BRUGGERS: Well, there is one thing that's interesting about regulations, the American Chemistry Council has managed to get I think 24 different states to pass legislation that regulates chemical recycling as manufacturing and not waste management. And so that means that there's some relaxation, it varies state by state, but it means that there's some relaxation of waste management regulations that they would have to comply with in these different states. So, the Biden administration, they recently rejected a proposal from the Trump administration EPA to stop regulating pyrolysis and gasification as incineration. And so, they're going to continue to regulate pyrolysis and gasification as incineration while they continue to study, this issue of chemical recycling and pyrolysis. That means that as these new plants pop up, that presumably, they're going to be required to meet the tougher clean air standards that are associated with incineration. There's a lot of concern on the part of the environmental community that the Biden administration in these treaty talks will end up conceding to pressures from the chemical industry and somehow allow incentives for chemical recycling to get built into this treaty. But that's all undetermined at this point, their treaty, they're not anywhere near that level of detail in what they're talking about, with the treaty talks. It's a big battle all over the country and globally at this point, to be honest.

Austin Acker, a volunteer firefighter, cleans a fire truck at the Ashley, Indiana volunteer fire department firehouse in May 2023. (Photo: Courtesy of James Bruggers)

CURWOOD: So I'm curious about what the Federal Trade Commission is doing along these lines, the FTC has these Green Guides that establish guidelines for companies when they make ads in the environmental sector? Where does chemical recycling fall in their review? I mean, what kind of pressure are they getting from activists to be skeptical about advanced or chemical recycling?

BRUGGERS: Yeah, there's a big fight that's brewing there with those green guides. And I think the biggest issue boils down to claims that companies make about how much recycled content is in the products that they use or make. And people will see the company says, okay, we're going to use 30% recycled content and all the plastic cups or something like that. And so, with chemical recycling where you are basically just taking plastic waste and making just chemicals out of it, and then putting those chemicals in with all the other chemicals that come from oil and gas drilling or whatever in the plastics manufacturing facility, it's difficult to be able to actually account for like, which of those chemical molecules actually ended up in the new plastic cup. And so there just isn't a good accounting method for chemical recycling to actually be able to make those recycled content claims. But the industry is pushing for a certain way to do it and they're getting pushback from the environmental community and also they're getting pushback, interestingly enough, from the national association that represents plastic recyclers, which largely represent the mechanical recyclers. And that's because they don't trust the way that the chemical industry is proposing to track and account for recycled content as well. That's sort of a big sticking point during these green guides that will be important to watch and see how it comes out because in the end, people just want to be able to trust what they see when they look at a cup and what the claims are. You know, people care about the environment, and they want to be able to rely on the claims of the companies.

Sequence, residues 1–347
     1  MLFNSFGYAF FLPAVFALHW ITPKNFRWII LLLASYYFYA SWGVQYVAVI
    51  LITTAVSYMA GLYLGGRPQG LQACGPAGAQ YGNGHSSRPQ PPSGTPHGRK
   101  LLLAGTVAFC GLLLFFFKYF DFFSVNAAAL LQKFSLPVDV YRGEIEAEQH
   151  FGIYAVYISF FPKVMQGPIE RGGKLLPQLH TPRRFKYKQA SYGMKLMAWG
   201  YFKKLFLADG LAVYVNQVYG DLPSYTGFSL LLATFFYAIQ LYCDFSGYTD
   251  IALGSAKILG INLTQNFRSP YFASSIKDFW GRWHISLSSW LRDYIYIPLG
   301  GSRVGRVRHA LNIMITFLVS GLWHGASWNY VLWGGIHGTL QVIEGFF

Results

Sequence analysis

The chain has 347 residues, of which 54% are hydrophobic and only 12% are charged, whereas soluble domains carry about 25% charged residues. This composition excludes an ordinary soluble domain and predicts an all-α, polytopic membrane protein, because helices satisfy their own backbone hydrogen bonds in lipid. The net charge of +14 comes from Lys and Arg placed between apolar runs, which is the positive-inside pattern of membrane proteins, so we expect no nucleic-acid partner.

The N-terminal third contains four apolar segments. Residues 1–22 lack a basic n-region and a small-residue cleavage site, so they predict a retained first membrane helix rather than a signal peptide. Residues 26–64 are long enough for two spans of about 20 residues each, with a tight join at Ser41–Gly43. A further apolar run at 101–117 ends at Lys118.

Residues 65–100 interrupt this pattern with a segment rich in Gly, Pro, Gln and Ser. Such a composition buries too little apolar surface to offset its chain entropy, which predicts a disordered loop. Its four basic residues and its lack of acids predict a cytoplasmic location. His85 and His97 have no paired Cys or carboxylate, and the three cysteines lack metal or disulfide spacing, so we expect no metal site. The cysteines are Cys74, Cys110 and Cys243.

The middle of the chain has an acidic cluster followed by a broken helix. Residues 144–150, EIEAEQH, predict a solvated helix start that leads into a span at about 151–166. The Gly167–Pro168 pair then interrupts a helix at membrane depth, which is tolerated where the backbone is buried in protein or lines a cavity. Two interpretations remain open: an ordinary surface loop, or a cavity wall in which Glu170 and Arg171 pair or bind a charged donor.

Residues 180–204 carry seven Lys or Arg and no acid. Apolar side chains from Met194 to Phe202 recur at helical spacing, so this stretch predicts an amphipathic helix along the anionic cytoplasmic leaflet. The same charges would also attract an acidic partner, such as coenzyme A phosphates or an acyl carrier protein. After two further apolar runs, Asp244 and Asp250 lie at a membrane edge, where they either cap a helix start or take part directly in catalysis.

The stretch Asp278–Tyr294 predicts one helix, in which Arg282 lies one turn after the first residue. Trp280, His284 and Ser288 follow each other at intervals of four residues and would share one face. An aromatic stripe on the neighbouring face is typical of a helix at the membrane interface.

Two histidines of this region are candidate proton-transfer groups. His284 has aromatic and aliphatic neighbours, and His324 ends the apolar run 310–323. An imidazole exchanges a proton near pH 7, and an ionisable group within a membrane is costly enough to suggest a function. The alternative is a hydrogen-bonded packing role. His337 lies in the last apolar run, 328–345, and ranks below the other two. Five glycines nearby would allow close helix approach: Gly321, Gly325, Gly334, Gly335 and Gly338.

DOERING: James Bruggers covers the U.S. Southeast for Inside Climate News. He spoke with Living on Earth Host Steve Curwood.



InsideClimate News | “Inside Indiana’s ‘Advanced’ Plastics Recycling Plant: Dangerous Vapors, Oil Spills and Life-Threatening Fires”

InsideClimate News | “Environmentalists Want the FTC Green Guides to Slam the Door on the ‘Chemical’ Recycling of Plastic Waste”

InsideClimate News | “EPA Spurns Trump-Era Effort to Drop Clean-Air Protections For Plastic Waste Recycling”

WTHR News Coverage of the chemical recycling plant in Richmond Indiana